If the Feast of the Annunciation is about anything, it certainly is about the power of “yes.” When the world and the human race first fell into calamity, it was due to the fact that Adam and Eve said “no” to God. That’s when they declared that they knew better who and what they were meant to be. That’s when the first dark and rainy cloud came to sit over the heads of the whole human race. That’s when our names became unpronounceable and distorted, a cause for ridicule, because we had become twisted, distorted, and ridiculous  ourselves. But Mary does not leave us in that condition. She un-does the “no” of Adam and Eve by her “yes” to the Archangel Gabriel. This is why the Church calls her the “New Eve” because without her consent and faithful agreement, there would be no Mystery of the Incarnation as we know it. Only after she said “yes” did the Second Person of the Holy Trinity, the Logos, condescend to take our human nature from her and reveal Himself as our Lord Jesus Christ, taking our humanity and uniting it with His Divinity in an ineffable mystery. God in His free will desired to become man and the Holy Virgin Mary, in her free will, desired to give herself to Him and bear Him, which is why she is called Theotokos or “bearer of God.”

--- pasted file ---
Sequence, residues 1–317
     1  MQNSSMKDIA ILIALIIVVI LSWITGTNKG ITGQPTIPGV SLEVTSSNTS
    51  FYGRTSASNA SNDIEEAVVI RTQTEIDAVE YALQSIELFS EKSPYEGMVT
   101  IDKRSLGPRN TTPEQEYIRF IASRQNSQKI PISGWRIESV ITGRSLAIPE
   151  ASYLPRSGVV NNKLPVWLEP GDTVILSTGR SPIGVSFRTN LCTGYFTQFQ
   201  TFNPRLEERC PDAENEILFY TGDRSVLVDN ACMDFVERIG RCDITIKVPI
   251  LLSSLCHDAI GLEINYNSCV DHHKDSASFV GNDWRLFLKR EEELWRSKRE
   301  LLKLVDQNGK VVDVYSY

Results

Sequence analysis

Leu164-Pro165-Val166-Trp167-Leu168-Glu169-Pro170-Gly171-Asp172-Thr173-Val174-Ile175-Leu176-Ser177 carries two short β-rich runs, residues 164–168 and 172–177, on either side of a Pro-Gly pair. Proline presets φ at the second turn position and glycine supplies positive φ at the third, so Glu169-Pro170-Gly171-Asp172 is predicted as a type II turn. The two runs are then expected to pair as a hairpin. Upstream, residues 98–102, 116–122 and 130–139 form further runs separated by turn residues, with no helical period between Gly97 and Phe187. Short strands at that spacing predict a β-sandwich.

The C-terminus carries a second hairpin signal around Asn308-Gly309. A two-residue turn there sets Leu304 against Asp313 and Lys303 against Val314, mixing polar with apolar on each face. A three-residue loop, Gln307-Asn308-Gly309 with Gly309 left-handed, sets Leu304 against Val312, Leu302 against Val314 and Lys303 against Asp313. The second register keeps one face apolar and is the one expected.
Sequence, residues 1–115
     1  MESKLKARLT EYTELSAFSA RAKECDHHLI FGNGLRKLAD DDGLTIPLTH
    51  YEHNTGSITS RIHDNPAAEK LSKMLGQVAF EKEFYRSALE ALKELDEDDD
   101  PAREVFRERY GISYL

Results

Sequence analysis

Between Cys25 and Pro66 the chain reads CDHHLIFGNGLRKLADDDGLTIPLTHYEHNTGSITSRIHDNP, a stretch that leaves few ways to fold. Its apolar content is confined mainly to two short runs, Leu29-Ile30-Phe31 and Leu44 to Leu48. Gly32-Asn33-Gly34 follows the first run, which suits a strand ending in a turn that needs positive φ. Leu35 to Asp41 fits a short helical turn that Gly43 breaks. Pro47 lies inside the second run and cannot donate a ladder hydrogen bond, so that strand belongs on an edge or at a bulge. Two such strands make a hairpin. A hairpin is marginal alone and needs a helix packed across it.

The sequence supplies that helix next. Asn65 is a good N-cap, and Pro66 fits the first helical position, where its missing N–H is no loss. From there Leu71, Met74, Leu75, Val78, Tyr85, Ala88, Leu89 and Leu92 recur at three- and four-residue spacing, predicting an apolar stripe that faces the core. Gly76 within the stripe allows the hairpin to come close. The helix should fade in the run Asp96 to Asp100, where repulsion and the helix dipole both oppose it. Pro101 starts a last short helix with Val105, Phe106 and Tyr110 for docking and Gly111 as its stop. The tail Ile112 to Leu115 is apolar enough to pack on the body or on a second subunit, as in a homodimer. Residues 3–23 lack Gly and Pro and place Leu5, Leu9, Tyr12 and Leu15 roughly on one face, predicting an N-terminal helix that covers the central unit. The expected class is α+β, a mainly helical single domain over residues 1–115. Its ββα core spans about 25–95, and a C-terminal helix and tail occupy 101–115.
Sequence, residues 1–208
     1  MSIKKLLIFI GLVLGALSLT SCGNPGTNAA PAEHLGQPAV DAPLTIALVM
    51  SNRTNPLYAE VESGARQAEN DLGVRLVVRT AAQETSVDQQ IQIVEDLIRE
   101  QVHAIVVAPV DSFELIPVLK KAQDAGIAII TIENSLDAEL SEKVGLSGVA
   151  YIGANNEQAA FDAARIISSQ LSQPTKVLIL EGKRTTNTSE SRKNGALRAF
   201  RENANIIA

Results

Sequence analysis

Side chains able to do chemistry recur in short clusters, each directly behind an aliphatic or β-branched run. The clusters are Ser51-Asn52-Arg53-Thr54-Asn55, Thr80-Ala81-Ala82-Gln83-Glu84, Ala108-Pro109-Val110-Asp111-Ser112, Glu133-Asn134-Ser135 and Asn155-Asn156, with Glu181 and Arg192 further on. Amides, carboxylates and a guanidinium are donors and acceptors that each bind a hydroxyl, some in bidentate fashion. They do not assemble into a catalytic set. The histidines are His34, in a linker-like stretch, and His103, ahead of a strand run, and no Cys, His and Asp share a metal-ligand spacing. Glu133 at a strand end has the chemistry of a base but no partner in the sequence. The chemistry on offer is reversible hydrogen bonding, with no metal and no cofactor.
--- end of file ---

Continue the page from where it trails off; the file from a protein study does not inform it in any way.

What, exactly, did she say “yes” to? Clearly, she said yes to the Incarnation of the Son of God in her womb, but there’s more to it than that. She said “yes” to pregnancy, even though she was a virgin, and even though she would have to endure the shame of society, including the doubts of her own betrothed, St. Joseph, who was troubled at first.  She said “yes” to raising a Child Who was was destined for suffering, persecution, and the Cross from the first moments of His life. She said “yes” to raising Him as Her only source of support, knowing that she would eventually have to give Him up for the salvation of the world. In short, she said “yes” to giving up everything that a girl her age normally desired in life, things like basic comfort and support, in favor of living a life that was wholly consecrated to God in the most intimate way.